Landscaping Ideas: 100+ Ways to Transform Your Yard | Architectural Digest


Next, you’ll need to decide on a material for the privacy fence. Basic wood and vinyl fences remain popular choices, but modern ideas that include basket weave designs, chevron shapes, and horizontal wood planks have been popular in recent years. Bamboo, repurposed pallets, and other recycled materials are certainly a go-to for sustainable and inexpensive solutions.

Once a privacy fence is built, you can further dress it up to make it stand out from the rest in the neighborhood. Hanging baskets provides a spot to display cascading flowers or succulents, and a colorful mural can liven up an otherwise dull façade. Plantings at the base of the fence soften hard lines and add to your home’s curb appeal.

If you don’t want to put up actual walls, privacy fencing can be disguised as part of natural fencing. A streamline of boxwood creates a manicured surround. Evergreen plantings, like gorgeous cypress trees, evoke Mediterranean vibes. And a large flowering hedge, say with magenta azaleas, is something out of a botanic garden.

Seeding grass is simpler than you think.

Photo: Pete Starman

A patchy lawn is a telltale sign of neglect. No one wants to be that house on the block. Regular mowing, watering, and weeding are all helpful, but they can’t guarantee a lush and green lawn. The trick to an emerald yard is seeding grass.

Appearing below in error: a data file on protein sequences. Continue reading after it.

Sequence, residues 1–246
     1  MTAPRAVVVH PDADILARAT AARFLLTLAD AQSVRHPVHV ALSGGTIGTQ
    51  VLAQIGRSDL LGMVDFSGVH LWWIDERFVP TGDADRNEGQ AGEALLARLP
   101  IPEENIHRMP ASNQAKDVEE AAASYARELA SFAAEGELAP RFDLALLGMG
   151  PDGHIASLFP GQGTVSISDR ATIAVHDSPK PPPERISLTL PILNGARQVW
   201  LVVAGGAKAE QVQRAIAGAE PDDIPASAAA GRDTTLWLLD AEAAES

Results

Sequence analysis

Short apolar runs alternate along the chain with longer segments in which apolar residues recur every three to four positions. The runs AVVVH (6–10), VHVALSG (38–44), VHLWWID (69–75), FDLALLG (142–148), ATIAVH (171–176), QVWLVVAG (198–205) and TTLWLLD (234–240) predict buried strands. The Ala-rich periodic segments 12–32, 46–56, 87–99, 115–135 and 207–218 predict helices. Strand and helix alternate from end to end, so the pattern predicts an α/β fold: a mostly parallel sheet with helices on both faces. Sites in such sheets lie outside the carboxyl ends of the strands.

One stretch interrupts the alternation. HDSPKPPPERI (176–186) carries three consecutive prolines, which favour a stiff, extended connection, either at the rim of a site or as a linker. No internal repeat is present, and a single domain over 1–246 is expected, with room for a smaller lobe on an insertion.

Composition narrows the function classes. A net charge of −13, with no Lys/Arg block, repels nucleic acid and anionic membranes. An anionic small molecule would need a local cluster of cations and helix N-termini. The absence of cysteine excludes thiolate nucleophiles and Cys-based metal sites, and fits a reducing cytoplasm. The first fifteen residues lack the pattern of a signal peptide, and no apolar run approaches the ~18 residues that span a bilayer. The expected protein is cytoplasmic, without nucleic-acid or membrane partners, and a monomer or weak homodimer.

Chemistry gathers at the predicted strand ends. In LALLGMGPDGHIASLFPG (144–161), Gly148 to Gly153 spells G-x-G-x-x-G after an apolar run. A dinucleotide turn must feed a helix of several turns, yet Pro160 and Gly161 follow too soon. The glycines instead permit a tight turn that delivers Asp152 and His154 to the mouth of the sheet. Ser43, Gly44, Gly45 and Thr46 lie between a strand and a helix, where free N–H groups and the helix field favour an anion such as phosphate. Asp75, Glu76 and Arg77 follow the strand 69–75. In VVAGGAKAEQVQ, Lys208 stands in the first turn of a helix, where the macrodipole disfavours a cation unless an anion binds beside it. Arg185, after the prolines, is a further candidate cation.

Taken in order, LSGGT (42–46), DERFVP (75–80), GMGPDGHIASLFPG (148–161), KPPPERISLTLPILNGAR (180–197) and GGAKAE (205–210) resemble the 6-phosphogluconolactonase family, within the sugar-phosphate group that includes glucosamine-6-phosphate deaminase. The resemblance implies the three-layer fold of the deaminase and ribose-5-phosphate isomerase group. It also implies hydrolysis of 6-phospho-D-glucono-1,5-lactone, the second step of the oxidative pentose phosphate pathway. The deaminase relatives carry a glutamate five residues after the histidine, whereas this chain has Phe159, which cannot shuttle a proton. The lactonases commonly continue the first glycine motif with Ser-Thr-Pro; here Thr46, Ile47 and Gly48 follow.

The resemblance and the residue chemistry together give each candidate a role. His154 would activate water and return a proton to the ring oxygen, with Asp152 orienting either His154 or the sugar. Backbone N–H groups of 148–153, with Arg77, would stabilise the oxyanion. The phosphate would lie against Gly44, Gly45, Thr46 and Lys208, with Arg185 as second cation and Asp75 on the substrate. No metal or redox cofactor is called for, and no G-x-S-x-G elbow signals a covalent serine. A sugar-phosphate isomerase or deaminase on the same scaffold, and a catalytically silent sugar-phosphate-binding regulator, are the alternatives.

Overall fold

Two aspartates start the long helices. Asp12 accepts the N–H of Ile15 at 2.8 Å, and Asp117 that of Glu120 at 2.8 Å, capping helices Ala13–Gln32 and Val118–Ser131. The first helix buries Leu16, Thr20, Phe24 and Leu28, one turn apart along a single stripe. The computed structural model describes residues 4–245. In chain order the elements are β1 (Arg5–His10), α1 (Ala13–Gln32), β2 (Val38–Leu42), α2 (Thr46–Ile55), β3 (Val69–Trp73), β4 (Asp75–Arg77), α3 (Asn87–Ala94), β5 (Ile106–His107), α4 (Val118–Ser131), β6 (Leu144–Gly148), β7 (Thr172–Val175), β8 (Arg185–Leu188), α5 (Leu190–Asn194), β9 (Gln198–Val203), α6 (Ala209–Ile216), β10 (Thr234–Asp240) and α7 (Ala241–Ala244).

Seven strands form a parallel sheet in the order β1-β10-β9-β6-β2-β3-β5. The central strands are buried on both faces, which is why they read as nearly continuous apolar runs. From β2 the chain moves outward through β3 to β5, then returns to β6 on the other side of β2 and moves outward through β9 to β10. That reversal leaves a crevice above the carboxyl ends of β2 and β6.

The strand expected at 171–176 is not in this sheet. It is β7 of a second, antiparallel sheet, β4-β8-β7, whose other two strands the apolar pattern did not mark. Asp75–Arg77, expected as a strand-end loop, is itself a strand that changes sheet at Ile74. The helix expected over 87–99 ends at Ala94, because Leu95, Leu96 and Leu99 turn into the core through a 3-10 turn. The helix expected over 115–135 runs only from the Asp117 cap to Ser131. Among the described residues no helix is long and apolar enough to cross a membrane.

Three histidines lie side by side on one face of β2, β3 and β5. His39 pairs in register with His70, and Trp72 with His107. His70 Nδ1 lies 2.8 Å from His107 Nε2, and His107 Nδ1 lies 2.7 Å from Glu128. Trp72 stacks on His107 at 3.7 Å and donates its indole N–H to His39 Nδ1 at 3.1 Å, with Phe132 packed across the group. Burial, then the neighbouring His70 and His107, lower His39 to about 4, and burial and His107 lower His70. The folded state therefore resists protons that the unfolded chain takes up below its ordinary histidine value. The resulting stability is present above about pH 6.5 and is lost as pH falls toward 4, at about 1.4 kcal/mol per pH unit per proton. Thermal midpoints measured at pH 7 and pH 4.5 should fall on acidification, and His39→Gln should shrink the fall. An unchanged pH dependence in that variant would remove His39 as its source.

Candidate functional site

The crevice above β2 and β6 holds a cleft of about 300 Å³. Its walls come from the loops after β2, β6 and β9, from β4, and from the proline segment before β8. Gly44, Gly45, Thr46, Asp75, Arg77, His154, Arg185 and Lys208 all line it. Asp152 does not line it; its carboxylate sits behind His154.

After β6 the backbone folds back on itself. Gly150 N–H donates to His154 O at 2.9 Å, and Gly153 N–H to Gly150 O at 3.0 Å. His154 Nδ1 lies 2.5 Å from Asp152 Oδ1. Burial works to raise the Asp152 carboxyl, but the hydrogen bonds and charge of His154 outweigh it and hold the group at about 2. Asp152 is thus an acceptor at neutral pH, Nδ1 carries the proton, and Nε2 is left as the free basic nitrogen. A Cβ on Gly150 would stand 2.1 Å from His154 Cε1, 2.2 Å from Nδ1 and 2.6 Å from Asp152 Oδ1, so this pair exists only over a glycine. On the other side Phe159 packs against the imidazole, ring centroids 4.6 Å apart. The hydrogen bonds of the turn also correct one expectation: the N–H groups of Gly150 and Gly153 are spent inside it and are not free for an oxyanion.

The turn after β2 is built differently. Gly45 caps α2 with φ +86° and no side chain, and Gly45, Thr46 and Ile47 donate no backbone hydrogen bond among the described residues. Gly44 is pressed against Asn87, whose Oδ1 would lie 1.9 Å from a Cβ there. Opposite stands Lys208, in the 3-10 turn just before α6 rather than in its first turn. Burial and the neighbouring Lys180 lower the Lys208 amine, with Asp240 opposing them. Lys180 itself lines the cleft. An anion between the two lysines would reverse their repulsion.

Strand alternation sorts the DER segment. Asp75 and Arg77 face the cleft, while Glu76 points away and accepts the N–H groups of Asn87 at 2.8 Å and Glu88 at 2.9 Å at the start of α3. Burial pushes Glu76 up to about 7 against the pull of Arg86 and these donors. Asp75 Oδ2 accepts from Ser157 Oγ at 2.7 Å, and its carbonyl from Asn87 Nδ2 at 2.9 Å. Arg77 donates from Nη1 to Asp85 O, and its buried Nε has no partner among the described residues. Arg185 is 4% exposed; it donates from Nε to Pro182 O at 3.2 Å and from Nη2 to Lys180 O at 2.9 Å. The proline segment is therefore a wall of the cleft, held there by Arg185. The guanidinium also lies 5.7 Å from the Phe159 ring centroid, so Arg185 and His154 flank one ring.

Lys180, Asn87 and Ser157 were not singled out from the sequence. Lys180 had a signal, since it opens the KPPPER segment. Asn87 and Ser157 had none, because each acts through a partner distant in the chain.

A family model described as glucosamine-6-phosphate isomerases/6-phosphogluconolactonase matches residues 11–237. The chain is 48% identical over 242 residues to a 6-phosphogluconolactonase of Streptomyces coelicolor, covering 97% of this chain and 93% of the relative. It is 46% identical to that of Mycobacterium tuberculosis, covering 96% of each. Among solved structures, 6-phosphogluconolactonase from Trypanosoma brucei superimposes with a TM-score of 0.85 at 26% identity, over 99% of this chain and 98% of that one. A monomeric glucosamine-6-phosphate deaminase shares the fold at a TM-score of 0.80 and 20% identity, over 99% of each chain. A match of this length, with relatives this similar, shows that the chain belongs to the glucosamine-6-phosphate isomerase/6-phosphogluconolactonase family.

Even if your house started out with a good—or even great—lawn, you’ll need to reseed it every three to four years to keep it healthy. Luckily, it’s a fairly straightforward DIY-type task that doesn’t take too much time or effort, at least not if you have an average-size yard.

To determine the type of grass seed you need, consider your local climate. There are two main types of grasses: warm-season grasses that begin active growth in late spring and are more heat-tolerant, and cool-season grasses that grow better in cooler climates. From there, you’ll have several varieties to choose from like Bermuda, fescue, Kentucky bluegrass, ryegrass, and more. It’s best to plant warm-season grasses in the late spring or early summer, and cool-season lawns should be seeded in the fall.

You’ll also want to take note of how the grass is used. Are kids running around playing tag or ripping up the turf in a weekly soccer match? The functionality may also affect how you want the grass to look and feel. Sturdier grass varieties tend to be less silky.

Once your lawn is seeded, focus on watering. The first few days and weeks post-seeding grass require a daily dose of water, possibly more if you’re in a hot and dry climate. Once the seed is established, grass will need less water, especially if you get regular rain showers.



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